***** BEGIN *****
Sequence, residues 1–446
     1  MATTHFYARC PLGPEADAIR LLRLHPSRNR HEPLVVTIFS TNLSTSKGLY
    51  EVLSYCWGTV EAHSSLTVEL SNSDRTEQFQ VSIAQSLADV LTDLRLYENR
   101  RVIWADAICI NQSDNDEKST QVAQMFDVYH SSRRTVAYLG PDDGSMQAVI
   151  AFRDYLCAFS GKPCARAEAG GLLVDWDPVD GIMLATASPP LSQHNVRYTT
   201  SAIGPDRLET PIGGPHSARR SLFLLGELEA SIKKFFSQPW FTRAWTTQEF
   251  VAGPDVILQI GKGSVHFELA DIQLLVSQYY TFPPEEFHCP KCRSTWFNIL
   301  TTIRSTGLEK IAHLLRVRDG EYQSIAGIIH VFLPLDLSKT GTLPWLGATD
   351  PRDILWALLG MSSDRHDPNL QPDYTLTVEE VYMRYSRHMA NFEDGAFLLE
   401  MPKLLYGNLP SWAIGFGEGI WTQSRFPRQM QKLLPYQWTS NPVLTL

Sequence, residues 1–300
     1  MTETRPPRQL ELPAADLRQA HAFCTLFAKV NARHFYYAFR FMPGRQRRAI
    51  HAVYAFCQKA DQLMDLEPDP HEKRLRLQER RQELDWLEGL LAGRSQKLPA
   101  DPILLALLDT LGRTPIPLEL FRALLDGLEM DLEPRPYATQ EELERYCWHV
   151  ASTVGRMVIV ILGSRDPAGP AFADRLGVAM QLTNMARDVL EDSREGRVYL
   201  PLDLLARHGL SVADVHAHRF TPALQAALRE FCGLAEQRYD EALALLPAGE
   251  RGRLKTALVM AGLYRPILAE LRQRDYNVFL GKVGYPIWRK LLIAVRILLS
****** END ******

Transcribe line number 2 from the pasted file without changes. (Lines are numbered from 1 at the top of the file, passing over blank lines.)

     1  MATTHFYARC PLGPEADAIR LLRLHPSRNR HEPLVVTIFS TNLSTSKGLY